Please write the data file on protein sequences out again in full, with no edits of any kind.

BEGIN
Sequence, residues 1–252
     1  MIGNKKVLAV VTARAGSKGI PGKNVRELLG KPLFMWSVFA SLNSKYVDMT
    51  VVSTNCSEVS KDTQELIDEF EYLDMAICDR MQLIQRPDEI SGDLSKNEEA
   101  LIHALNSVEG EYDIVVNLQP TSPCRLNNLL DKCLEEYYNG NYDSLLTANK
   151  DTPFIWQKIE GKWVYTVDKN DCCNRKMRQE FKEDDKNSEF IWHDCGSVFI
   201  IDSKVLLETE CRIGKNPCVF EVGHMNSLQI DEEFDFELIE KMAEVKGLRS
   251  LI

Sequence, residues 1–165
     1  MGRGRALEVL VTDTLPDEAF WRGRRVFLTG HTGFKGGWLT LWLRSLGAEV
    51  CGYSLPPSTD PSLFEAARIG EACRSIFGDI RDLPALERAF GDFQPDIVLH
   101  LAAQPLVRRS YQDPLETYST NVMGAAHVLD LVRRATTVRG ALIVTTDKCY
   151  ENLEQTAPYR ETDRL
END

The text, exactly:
Sequence, residues 1–252
     1  MIGNKKVLAV VTARAGSKGI PGKNVRELLG KPLFMWSVFA SLNSKYVDMT
    51  VVSTNCSEVS KDTQELIDEF EYLDMAICDR MQLIQRPDEI SGDLSKNEEA
   101  LIHALNSVEG EYDIVVNLQP TSPCRLNNLL DKCLEEYYNG NYDSLLTANK
   151  DTPFIWQKIE GKWVYTVDKN DCCNRKMRQE FKEDDKNSEF IWHDCGSVFI
   201  IDSKVLLETE CRIGKNPCVF EVGHMNSLQI DEEFDFELIE KMAEVKGLRS
   251  LI

Sequence, residues 1–165
     1  MGRGRALEVL VTDTLPDEAF WRGRRVFLTG HTGFKGGWLT LWLRSLGAEV
    51  CGYSLPPSTD PSLFEAARIG EACRSIFGDI RDLPALERAF GDFQPDIVLH
   101  LAAQPLVRRS YQDPLETYST NVMGAAHVLD LVRRATTVRG ALIVTTDKCY
   151  ENLEQTAPYR ETDRL